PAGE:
Further information about Uike Katoanga’i ‘o e Lea Faka-Tonga including a calendar of events and language resources can be found at www.mpp.govt.nz and the Ministry for Pacific People’s facebook page.
Over 190 local Palmerston North families will be helped into a warm, dry place to stay through the Government’s social housing plans for the city.
“We’re building 70 new social houses, which is on top of the 1436 social houses we have in Palmerston North right now. Our plans for 30 short-term transitional housing places will benefit 120 local families every year,” Social Housing Minister Amy Adams says.
“We’ve made a commitment to help New Zealanders with housing when times are tough, and our plans for Palmerston North will help families in need into a warm, dry place to stay.
“We’re on track to have all 30 short-term transitional housing places available by the end of the year, and expect to see the 70 new social houses coming on board over the next three years.
“Housing New Zealand are currently reviewing their stock and vacant land across New Zealand. It’s my expectation that where land is redeveloped, at least 20 per cent is affordable,” Ms Adams says.
“We’ve already secured 29 of the transitional housing places in Palmerston North, meaning that we’re already in a position to help 116 local families this year, with more places scheduled to open in the coming weeks and months,” says Associate Social Housing Minister Alfred Ngaro.
“This is about more than just housing. The investment of $354 million the Government made last year into transitional housing recognises that many of our struggling families are facing some tough challenges. That’s why we’ve partnered with some fantastic community housing providers to make sure they’re getting further help to get back on their feet – from budgeting advice to cooking lessons or parenting support.
“Providers like The Salvation Army and Women's Refuge in Palmerston North go above and beyond to help lift our vulnerable people into a position where they can move on to and sustain long-term housing,” says Mr Ngaro.
Each week, the Government spends over $982,000 to supporting around 20,000 households in the wider Manawatu-Wanganui region with their housing costs.
Across the wider Manawatu-Wanganui region, the Government has plans to bring on 165 additional social houses and 66 short-term transitional housing places – to a total of 2690 social houses across the region. This is in addition to the Emergency Housing Special Needs Grants that are also available to local families in need of somewhere urgent to stay.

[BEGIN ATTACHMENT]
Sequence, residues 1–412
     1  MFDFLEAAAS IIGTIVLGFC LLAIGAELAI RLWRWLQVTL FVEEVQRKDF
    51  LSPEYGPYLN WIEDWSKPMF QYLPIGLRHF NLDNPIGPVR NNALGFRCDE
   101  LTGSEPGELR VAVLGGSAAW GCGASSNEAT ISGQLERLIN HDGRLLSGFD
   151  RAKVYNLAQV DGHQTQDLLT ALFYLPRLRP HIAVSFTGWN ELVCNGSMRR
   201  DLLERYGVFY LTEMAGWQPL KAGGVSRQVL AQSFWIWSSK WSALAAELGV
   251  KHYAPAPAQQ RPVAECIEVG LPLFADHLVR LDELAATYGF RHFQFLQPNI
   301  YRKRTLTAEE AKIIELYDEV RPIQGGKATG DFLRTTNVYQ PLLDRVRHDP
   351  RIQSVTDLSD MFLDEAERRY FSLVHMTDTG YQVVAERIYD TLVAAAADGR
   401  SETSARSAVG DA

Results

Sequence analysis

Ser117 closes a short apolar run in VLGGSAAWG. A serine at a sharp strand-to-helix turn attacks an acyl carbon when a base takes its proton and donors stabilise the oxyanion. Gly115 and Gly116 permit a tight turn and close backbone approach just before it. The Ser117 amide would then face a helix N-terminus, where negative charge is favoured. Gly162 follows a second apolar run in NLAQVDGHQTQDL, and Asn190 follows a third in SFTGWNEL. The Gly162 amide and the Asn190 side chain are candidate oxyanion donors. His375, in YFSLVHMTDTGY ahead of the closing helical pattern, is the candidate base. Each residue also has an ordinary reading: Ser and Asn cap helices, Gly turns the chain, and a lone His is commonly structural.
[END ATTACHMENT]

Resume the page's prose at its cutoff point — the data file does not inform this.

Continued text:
About our plan for social housing:
This year, the Government will spend $2.3 billion supporting 310,000 households with their accommodation. Additionally, those seeking immediate shelter can access a Special Needs Grant for accommodation. We have invested $354 million to help 8600 families every year with a warm, safe place to stay. We are also growing the number of social houses available, from 66,000 today to 72,000 by 2020.
What is the difference between social and transitional housing?
Both social and transitional housing may be run by community housing providers.
Transitional housing differs from social housing in that tenants generally only stay for 12 weeks in the property while they are helped to find long-term housing. While there they also receive additional support tailored to their needs. This could include things like budgeting advice, cooking lessons or parenting support. People receive a further 12 weeks of support once they’ve moved into their new property to help them settle in.
What is a ‘housing’ place?
A place may be a freestanding house or a unit in a wider complex. With regard to transitional housing places it refers also to availability over a year. For example a freestanding house used for transitional housing may be classed as four places because four families can be housed there every year.